In this study, we experimentally analyze the effectiveness of payoff-irrelevant peer-to-peer ratings as a cooperation enforcement device in a finitely repeated public goods game setting. We run two treatments that differ in the amount of information on own and others’ received rating points provided to the players, whereas, in a third treatment, we analyze peer approval when assigning ratings to others is costly. In particular, we wonder whether, even under anonymity and in the absence of reputational concerns, (i) players rate others’ contribution decisions in the expected direction and (ii) the peer rating mechanisms under study foster cooperation and welfare. Our findings reveal that, in the two costless rating treatments, peer rating concerns lead to higher contributions and efficiency, compared to our control. Introducing a small fixed cost for assigning rating points results in a very high percentage of subjects deciding not to rate others’ behavior, so that cooperation cannot be enforced.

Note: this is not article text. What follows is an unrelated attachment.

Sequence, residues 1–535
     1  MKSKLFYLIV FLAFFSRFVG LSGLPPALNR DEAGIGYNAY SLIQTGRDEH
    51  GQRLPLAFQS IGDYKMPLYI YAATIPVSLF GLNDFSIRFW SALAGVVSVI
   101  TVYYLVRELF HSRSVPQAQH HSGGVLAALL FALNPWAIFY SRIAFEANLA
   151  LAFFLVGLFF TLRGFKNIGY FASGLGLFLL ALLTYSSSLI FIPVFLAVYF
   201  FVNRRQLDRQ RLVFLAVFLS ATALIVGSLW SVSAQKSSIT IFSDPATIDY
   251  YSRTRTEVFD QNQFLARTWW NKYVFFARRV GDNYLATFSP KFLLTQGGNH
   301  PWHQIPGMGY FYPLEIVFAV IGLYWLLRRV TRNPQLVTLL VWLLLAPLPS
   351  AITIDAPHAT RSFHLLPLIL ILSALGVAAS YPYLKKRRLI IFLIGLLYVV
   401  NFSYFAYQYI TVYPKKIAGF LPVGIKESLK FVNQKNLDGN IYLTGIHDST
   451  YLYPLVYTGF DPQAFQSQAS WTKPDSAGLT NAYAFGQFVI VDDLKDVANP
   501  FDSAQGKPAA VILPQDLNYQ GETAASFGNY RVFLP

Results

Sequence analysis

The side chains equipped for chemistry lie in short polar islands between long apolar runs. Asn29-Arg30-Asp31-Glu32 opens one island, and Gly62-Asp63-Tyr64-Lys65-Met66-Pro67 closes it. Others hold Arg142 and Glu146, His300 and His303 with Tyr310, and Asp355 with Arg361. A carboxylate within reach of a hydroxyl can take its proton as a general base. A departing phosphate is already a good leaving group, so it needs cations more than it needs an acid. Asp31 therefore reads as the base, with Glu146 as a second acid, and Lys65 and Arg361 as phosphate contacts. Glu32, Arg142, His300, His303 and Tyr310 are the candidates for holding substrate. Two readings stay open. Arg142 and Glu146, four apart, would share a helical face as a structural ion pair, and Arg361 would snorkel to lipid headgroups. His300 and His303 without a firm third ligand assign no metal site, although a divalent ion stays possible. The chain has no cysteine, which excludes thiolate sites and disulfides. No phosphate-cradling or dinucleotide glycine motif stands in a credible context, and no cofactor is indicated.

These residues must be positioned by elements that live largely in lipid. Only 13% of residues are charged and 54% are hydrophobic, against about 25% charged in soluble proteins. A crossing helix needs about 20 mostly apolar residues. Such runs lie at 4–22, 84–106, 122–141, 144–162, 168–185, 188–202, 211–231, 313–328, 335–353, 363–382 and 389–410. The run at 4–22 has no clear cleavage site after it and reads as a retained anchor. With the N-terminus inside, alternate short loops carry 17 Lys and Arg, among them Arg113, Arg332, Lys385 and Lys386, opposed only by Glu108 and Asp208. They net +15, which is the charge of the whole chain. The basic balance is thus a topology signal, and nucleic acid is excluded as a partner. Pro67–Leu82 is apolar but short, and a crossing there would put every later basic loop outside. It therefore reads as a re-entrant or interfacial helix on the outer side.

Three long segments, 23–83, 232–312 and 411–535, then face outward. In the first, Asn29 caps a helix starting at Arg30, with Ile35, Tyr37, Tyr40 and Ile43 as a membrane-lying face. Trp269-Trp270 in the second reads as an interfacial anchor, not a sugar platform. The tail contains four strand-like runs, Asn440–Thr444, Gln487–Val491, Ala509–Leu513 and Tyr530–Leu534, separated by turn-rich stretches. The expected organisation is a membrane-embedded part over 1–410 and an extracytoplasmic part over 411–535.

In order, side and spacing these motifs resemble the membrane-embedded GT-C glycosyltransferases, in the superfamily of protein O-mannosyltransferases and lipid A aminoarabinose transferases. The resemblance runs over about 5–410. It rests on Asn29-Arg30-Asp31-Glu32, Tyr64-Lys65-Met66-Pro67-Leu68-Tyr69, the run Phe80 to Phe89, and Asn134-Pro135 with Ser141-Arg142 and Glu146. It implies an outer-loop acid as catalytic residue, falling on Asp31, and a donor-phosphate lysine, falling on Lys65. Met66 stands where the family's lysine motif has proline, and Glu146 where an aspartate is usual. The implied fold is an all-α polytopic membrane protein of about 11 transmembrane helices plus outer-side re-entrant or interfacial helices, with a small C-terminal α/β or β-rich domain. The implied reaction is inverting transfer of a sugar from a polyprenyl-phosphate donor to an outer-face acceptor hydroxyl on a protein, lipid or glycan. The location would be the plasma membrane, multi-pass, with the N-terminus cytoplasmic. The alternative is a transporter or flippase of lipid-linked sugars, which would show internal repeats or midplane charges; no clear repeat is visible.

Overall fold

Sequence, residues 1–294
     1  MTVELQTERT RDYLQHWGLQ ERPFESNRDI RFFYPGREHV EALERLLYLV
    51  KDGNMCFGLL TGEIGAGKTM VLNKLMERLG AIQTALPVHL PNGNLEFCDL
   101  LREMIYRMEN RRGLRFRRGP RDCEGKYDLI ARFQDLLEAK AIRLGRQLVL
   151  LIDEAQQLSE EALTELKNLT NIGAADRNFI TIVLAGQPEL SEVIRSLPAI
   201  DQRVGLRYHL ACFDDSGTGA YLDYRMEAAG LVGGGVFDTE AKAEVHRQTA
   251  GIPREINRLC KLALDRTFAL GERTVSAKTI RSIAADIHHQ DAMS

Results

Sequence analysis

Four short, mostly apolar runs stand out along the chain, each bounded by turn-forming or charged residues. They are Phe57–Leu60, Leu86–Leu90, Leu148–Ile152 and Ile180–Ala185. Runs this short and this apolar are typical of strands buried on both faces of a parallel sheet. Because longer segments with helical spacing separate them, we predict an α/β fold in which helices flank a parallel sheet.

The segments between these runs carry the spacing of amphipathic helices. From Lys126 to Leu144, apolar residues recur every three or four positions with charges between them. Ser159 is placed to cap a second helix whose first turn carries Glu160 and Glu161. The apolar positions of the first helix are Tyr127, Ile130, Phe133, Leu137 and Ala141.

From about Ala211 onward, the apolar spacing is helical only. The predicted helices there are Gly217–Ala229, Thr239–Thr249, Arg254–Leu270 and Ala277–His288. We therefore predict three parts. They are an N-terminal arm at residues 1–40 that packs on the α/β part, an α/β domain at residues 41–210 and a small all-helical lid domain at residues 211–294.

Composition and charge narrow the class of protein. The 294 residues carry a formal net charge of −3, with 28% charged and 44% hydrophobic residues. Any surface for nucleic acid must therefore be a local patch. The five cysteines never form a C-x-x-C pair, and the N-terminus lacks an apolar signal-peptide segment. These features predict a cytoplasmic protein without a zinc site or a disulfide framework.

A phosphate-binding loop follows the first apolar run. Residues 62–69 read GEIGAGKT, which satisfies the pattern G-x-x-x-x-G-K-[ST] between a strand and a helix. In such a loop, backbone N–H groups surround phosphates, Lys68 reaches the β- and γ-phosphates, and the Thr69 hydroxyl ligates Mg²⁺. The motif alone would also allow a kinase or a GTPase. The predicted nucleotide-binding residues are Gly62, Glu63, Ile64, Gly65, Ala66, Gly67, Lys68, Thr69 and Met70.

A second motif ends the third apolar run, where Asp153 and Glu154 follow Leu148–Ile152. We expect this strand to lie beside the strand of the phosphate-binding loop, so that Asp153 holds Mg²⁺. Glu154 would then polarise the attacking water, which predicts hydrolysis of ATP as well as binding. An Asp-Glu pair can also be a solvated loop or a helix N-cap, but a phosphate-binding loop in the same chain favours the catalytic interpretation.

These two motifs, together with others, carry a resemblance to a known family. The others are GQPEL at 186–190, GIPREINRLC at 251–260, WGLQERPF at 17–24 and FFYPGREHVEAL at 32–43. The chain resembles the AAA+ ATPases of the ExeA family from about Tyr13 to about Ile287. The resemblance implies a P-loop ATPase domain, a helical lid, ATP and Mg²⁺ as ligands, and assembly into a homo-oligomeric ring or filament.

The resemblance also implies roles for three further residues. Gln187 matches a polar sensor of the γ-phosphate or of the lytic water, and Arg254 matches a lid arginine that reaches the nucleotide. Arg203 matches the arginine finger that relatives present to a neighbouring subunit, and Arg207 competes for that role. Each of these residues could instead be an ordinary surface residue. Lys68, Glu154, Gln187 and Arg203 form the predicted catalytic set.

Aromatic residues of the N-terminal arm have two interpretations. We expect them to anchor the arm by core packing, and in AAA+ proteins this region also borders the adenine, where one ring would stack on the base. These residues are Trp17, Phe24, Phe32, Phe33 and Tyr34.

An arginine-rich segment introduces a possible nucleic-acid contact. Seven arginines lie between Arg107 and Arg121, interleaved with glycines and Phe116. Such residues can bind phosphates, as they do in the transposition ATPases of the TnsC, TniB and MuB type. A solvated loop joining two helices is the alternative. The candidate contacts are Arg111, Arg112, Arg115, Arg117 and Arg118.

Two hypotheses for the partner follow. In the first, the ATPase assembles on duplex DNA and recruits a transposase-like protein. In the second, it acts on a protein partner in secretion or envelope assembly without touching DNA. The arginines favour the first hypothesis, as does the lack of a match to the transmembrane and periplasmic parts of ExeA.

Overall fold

|Titolo:||The Impact of Peer Ratings on Cooperation: The Role of Information and Cost of Rating|
ZARRI, Luca (Corresponding)
|Data di pubblicazione:||2019|
|Appare nelle tipologie:||01.01 Articolo in Rivista|